In scathing pre-election report, Ontario auditor general says deficit is $11.7B, not $6.7B
Ontario’s fiscal watchdog is warning that the province’s deficit projections are billions of dollars more than disclosed in last month’s budget.
Auditor General Bonnie Lysyk, who is in an ongoing accounting dispute with Premier Kathleen Wynne’s Liberals, said this year’s shortfall is $11.7 billion, not $6.7 billion, as Finance Minister Charles Sousa forecast March 28.
“When expenses are understated, the perception is created that government has more money available than it actually does,” Lysyk wrote Wednesday in a scathing 27-page pre-election report to the Legislature.
“Government decision-makers might, therefore, allocate money to initiatives and programs that is actually needed to pay for expenses the government has failed to record properly,” she continued.
Lysyk calculated that the deficit forecast for next year is $12.2 billion — not the $6.6 billion Sousa predicted — and for 2020-21 it’s $12.5 billion, not $6.5 billion.
“More money will need to be borrowed to pay for the unrecorded expenses even when the government reports an annual surplus or a balanced budget.”
Speaking to reporters, Lysyk said the government’s accounting methods are “lawful,” but “it’s not right.”
The accounting disagreement stems from whether around $11 billion in the government co-sponsored Ontario Public Service Employees’ Union Pension Plan and the Ontario Teachers’ Pension Plan can be counted toward the bottom line.
While Lysyk and her predecessors had booked the pension holdings as an asset starting in 2002, she changed her mind two years ago.
“I had my staff review that asset much more than in past years,” the auditor told the Star at the time. She concluded that they should not be considered assets, because the government doesn’t have ready access to the funds.
That cost is kept off the province’s books because the cut is bankrolled through the new government-owned OPG Trust, which borrows money at higher interest rates than the government would.
Her report is a political gift to Progressive Conservative Leader Doug Ford and NDP Leader Andrea Horwath as Ontarians head to the polls in six weeks.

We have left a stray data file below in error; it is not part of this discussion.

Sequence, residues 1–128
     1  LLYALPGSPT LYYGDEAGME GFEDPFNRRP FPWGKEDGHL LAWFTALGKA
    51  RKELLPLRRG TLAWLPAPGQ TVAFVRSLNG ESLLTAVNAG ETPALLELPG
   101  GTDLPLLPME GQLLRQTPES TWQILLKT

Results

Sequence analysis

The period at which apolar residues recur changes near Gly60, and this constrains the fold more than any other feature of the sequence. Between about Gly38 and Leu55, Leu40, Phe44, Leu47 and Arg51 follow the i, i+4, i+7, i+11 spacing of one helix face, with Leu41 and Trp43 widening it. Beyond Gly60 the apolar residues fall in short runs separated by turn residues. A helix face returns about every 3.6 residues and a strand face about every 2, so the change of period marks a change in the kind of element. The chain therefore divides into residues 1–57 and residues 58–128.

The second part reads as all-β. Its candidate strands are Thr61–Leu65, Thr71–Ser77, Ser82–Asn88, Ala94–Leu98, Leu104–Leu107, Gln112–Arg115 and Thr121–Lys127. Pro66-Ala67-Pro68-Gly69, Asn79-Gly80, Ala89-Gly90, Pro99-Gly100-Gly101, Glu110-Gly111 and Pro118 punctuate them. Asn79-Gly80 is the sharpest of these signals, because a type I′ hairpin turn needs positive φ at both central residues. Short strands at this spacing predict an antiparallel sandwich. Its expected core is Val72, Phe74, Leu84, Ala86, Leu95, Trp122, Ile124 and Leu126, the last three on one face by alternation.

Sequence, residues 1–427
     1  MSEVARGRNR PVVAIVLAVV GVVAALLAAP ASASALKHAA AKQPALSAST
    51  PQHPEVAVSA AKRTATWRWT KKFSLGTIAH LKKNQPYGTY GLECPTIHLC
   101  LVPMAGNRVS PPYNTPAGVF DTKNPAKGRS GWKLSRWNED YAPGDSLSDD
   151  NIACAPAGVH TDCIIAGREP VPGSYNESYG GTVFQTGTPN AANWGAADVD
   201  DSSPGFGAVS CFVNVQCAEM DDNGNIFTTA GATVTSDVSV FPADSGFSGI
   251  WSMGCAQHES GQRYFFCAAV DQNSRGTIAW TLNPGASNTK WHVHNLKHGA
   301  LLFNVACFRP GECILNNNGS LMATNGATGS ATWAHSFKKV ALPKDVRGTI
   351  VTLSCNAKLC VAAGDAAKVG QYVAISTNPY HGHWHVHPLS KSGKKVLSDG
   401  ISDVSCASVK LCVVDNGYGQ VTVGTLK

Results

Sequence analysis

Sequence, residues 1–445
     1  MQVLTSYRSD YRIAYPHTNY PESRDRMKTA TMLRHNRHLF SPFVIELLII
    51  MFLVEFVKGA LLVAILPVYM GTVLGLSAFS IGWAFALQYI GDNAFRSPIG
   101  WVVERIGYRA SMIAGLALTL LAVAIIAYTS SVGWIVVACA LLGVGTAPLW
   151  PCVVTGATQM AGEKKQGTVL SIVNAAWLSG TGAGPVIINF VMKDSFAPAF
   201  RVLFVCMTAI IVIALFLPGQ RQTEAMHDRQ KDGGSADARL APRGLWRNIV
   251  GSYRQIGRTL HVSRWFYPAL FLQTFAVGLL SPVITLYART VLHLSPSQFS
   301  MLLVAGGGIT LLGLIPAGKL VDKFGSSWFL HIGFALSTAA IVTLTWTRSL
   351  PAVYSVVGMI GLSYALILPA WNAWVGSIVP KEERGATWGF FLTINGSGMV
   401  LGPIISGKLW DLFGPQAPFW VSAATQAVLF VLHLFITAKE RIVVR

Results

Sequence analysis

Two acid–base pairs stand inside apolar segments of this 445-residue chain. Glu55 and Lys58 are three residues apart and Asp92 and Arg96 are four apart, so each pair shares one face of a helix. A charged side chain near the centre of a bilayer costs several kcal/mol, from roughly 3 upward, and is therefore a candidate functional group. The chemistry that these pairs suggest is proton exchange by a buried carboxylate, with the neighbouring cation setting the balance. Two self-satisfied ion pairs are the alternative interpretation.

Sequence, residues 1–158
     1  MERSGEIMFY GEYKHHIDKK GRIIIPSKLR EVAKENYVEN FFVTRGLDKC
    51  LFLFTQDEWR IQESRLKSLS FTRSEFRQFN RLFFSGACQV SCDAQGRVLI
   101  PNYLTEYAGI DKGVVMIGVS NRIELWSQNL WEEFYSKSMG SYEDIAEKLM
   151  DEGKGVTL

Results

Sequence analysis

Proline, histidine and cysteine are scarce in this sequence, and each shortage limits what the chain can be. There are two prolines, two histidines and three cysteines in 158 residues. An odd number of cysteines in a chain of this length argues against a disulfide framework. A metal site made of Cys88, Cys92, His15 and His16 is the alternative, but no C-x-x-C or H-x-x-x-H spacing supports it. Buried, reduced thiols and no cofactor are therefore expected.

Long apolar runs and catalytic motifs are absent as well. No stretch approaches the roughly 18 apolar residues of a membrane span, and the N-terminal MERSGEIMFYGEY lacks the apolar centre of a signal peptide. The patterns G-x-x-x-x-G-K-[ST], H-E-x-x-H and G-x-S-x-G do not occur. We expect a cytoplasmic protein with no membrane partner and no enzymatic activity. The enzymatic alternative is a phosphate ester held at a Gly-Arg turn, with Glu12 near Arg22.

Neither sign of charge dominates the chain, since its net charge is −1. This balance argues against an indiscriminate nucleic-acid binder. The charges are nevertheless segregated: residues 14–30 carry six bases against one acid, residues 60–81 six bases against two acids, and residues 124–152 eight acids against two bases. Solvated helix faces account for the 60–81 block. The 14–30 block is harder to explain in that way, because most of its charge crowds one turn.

Conservative MPP Vic Fedeli (Nipissing) accused the Liberal government of “deceiving the people of Ontario.”
“This is a trust issue,” said Fedeli.
But he could not say if the Tories would use Lysyk’s methods or the government’s when Ford releases an election platform in the coming days.
In the People’s Guarantee platform of former PC leader Patrick Brown unveiled last November, the party employed the Liberals’ accounting on both the pension assets and the Fair Hydro Plan.
“Let’s be clear, a lot has changed and so anybody that wants to go down the rabbit hole of a past platform can do that,” said Tory MPP Lisa MacLeod (Nepean-Carleton).
NDP MPP John Vanthof (Timiskaming-Cochrane), whose party is promising to scrap the Fair Hydro Plan, could not say a New Democrat administration would exclude the pension assets.
“I can assure that when Andrea Horwath is premier … we’re going to sit down with the auditor general and with the financial accountability officer and work together to ensure that Ontario’s books are open and transparent,” said Vanthof.
Wynne said Wednesday there is an “ongoing discussion” with the auditor general over the accounting “disagreement.”
“I know one of the discussions is over the Fair Hydro Plan. We made a decision that we needed to reduce electricity bills by 25 per cent. We have done that,” said the premier.
“We’ve kept that debt within the electricity system. That is the responsible step that we have taken,” she said.
Lysyk has had a fractious relationship with the governing Liberals in recent years, railing against them for diminishing her authority when it comes to overseeing government advertising.